For over a year, I’ve been on a Rome/Italy kick, and after reading a couple of novels set in Renaissance Florence (George Eliot’s Romola and Sarah Dunant’s The Birth of Venus), I decided to tackle the copy of Boccaccio’s The Decameron that had been on my shelf for years. (If you’re not familiar with it, it’s basically The Canterbury Tales of Italian literature.)
The premise is that 10 young people flee medieval Florence during the plague and take refuge on a beautiful country estate, where they amuse themselves telling stories for 10 days. The standard comment you hear about the book is that a lot of the tales are “bawdy,” but if you’re used to reading modern romance, they’re pretty tame. What drew me in was the insight they offer into medieval Europeans. That’s not to say you get a well rounded picture of how they thought, but you do learn something about what entertained them and what values they had.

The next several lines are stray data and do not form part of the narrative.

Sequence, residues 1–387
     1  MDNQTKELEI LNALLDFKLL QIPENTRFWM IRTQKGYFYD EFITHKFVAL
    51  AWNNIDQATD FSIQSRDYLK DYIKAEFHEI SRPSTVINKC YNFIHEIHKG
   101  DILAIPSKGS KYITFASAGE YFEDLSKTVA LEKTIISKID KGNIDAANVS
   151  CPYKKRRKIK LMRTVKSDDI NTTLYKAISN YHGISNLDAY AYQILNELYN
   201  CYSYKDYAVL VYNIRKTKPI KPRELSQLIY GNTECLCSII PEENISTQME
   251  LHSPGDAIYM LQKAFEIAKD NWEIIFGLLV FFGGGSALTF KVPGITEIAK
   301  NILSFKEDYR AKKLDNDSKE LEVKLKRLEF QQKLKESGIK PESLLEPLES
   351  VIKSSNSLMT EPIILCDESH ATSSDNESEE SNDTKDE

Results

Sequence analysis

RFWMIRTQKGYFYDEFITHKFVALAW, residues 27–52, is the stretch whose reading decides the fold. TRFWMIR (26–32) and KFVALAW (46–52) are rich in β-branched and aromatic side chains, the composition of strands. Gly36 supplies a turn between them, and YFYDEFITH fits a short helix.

Some of the “clever” speeches or retorts made by characters don’t transcend time and translation, but the values these admired characters espouse are timeless. On the other hand, a lot of other characters are applauded for trickery, and at times the storytellers laughed over a tale when I thought the outcome was cruel. An overabundance of the anecdotes are about men trying to lock down their wives and daughters, and women tricking their husbands and fathers so they can be with their lovers. Then there are guys who trick the ladies, too.
It’s a long book, but the individual stories are short, so it’s easy to put it down and pick it up another time without having to remember what was going on. If you read a couple tales here and there, eventually you’re finished — and sorry to see it end. If shedding some light on the Dark Ages appeals to you, check it out.Tweet this